It doesn’t matter whether your fussy eater is a particular appetite for white foods or a complete refusal to eat vegetables, mealtime can become more challenging.
Although picky eating is normal for toddlers, it can be a problem in school years.
Now, New Research From USC to University of South Australia and the University of Queensland provides a better understanding of how fussy eaters are affected and what factors are more likely increase or decrease picky eating among children under 10.
Research from 80 industry professionals revealed that children are more likely to be fussy eaters if they have a variety of factors.
A study showed that children who are pressured to eat, given rewards, or had their parenting style very strict all contributed to their eating habits becoming fussy. However, fussy eating is less likely to be caused by a relaxed parenting style, eating together as families, and including children in the food preparation.
Laine Chilman , USC PhD Student, leads the research. She says that it aims to help parents and carers better understand fussy-eating in children.
Chilman said that parents with fussy eaters may find mealtimes stressful. “For parents with a fussy eater, mealtimes can be especially stressful – juggling the family meal and a picky eater is no small feat.” Chilman stated.
“Some families have kids who turn their noses up at any vegetable. Others are dealing with kids who dislike certain textures or colours of food.”
“Some of these preferences relate to a child’s characteristics or personality, which are difficult to change, if at all. But others are external factors that could help reduce fussy eating in kids.”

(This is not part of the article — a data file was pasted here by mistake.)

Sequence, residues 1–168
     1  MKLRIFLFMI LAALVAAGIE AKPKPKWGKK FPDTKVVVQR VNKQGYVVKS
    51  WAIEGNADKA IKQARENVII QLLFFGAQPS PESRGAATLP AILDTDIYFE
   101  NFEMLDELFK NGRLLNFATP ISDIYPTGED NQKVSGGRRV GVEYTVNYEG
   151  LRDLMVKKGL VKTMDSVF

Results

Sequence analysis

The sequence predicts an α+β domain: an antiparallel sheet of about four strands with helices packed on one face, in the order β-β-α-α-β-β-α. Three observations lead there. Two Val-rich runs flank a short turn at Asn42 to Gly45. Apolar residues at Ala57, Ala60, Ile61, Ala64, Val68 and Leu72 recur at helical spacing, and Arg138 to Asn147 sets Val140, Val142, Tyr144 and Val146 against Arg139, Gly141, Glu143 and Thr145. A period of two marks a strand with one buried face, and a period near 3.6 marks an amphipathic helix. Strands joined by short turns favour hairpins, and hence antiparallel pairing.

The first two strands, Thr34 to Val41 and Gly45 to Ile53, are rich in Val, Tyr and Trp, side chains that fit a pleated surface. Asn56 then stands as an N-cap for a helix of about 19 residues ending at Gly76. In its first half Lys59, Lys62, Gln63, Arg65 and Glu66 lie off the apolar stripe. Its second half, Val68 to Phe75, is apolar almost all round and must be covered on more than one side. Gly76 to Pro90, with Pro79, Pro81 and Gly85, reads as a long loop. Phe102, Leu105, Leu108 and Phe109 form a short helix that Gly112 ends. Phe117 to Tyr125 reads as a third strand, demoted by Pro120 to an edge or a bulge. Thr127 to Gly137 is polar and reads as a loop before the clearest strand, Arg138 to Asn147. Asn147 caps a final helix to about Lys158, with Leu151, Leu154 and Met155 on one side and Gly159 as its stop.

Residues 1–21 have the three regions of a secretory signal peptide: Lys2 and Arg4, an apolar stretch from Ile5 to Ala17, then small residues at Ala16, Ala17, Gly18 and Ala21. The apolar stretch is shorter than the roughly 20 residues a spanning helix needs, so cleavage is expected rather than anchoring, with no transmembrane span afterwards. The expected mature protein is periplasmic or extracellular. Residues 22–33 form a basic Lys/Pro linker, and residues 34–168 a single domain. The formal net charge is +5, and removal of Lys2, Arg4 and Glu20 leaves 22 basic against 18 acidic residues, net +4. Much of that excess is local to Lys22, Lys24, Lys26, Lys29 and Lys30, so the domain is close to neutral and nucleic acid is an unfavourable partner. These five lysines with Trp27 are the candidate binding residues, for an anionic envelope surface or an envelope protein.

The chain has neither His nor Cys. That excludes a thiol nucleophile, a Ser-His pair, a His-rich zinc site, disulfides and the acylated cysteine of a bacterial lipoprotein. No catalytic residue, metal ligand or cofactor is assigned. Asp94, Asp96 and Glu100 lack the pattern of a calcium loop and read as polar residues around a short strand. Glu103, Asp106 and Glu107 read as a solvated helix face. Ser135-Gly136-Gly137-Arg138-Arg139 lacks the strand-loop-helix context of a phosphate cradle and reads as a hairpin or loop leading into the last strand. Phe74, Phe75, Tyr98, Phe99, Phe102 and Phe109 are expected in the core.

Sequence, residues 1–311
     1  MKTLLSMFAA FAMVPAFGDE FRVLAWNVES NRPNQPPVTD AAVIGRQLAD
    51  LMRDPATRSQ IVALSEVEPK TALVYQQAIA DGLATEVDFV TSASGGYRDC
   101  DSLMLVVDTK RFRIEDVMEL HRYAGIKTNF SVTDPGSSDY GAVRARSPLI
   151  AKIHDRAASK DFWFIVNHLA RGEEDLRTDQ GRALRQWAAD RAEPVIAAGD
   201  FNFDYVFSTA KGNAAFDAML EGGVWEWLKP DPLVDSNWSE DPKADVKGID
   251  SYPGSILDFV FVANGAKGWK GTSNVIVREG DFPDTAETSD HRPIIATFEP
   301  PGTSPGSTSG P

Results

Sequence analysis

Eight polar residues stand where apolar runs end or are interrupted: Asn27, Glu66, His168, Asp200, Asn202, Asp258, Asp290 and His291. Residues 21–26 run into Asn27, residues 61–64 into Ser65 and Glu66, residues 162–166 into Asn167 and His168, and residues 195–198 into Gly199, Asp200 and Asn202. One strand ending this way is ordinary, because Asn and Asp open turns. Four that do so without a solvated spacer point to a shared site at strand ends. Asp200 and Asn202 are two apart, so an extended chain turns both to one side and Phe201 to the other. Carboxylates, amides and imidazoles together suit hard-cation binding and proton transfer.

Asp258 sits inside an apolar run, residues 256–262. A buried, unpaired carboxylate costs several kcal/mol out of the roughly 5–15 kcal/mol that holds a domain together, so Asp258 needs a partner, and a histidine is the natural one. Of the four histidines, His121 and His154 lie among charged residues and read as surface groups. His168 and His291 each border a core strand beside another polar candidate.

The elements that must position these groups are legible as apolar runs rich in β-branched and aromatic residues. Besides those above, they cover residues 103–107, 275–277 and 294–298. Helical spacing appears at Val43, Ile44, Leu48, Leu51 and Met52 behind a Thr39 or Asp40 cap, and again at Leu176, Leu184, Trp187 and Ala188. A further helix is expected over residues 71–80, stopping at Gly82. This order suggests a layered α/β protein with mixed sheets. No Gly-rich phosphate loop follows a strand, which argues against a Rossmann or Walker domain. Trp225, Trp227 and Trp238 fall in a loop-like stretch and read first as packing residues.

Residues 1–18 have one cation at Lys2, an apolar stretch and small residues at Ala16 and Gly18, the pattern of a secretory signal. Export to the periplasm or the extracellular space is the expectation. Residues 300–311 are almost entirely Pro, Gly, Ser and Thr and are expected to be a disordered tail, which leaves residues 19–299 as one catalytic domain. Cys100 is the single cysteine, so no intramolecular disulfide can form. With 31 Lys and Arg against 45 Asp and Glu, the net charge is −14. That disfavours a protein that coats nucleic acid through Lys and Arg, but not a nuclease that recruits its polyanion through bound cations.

“Eating together as a family, with siblings, and having a single meal at a regular time all helped reduce food fussiness. As did getting the fussy child involved in the meal, either by helping to choose the menu, or helping to prepare the meal.”
“Yet if fussy eaters were allowed to eat in front of the TV, or if they were rewarded for eating certain foods, these behaviours negatively influenced picky children.”
According to the Australian Nutrition and Physical Activity Survey most children don’t meet recommended nutrition and diet guidelines.
UniSA researcher Ann Kennedy-Behr believes stress can cause fussy eating.
Dr Kennedy-Behr explains,“When you have a child who is a picky eater, it’s very stressful for a parent or carer – they’re forever questioning whether their child is getting enough nutrients, enough food, and often enough weight gain,” Dr Kennedy-Behr says.
“Yet it’s important to understand that being overtly anxious or worried can actually contribute to increased picky eating.”
“Avoiding getting cross and limiting any negativity around mealtime will be benefit everyone.”
“Positive parenting, no matter how difficult it can be in certain situations, is the best step forward for fussy eaters.”
Top tips for a fussy eater
- Be a role model: A family that eats well together will have healthier eating habits
- Plan regular meals: Regular mealtimes can reduce stress levels.
- Encourage children to be involved in food preparation. Familiarity and control can make it easier for them.
- One mealtime is best: Separate kids’ seating encourages fussy eating
- Turn off the TV. Focus on the food and not on screens.
- Relaxing at mealtimes will help you have a more pleasant experience.
- For fussy eaters, you can remove rewards or bribes.